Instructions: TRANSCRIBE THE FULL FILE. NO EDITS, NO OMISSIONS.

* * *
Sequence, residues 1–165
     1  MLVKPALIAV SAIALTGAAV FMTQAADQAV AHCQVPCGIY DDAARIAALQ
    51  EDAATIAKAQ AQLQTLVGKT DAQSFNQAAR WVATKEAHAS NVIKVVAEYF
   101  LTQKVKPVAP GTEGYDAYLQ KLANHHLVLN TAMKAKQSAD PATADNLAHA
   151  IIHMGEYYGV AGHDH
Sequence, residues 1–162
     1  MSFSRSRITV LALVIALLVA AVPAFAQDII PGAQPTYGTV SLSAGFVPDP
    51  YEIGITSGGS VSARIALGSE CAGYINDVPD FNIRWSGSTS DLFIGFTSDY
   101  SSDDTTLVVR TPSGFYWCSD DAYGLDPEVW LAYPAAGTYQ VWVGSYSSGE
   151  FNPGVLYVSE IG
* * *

Sequence, residues 1–165
     1  MLVKPALIAV SAIALTGAAV FMTQAADQAV AHCQVPCGIY DDAARIAALQ
    51  EDAATIAKAQ AQLQTLVGKT DAQSFNQAAR WVATKEAHAS NVIKVVAEYF
   101  LTQKVKPVAP GTEGYDAYLQ KLANHHLVLN TAMKAKQSAD PATADNLAHA
   151  IIHMGEYYGV AGHDH
Sequence, residues 1–162
     1  MSFSRSRITV LALVIALLVA AVPAFAQDII PGAQPTYGTV SLSAGFVPDP
    51  YEIGITSGGS VSARIALGSE CAGYINDVPD FNIRWSGSTS DLFIGFTSDY
   101  SSDDTTLVVR TPSGFYWCSD DAYGLDPEVW LAYPAAGTYQ VWVGSYSSGE
   151  FNPGVLYVSE IG